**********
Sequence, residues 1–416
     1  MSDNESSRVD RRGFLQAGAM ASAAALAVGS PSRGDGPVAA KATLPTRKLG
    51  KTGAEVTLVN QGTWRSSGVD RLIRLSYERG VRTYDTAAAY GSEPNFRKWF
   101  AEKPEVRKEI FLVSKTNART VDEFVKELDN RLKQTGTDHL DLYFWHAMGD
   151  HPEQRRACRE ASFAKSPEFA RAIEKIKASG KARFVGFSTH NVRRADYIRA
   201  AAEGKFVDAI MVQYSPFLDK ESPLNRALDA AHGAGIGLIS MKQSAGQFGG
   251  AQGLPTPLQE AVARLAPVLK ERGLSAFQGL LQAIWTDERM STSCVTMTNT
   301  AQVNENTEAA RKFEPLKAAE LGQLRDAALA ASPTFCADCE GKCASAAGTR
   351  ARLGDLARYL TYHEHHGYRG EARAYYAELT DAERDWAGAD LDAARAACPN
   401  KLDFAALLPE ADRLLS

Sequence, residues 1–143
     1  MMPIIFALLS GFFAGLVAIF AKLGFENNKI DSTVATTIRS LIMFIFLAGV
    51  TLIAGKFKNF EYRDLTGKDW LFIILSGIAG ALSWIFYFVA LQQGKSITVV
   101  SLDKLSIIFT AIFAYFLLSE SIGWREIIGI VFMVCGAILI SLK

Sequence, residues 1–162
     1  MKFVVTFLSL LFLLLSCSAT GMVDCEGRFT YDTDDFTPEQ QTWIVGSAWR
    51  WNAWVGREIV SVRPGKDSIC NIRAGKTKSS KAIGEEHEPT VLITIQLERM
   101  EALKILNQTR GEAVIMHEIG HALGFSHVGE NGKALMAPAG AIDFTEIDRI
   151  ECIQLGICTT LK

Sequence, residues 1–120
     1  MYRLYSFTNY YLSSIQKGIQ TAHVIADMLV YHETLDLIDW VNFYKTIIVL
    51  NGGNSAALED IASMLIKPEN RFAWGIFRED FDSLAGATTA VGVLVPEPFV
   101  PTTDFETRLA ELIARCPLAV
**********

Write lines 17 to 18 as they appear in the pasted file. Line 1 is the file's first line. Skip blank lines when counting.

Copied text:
    51  WNAWVGREIV SVRPGKDSIC NIRAGKTKSS KAIGEEHEPT VLITIQLERM
   101  EALKILNQTR GEAVIMHEIG HALGFSHVGE NGKALMAPAG AIDFTEIDRI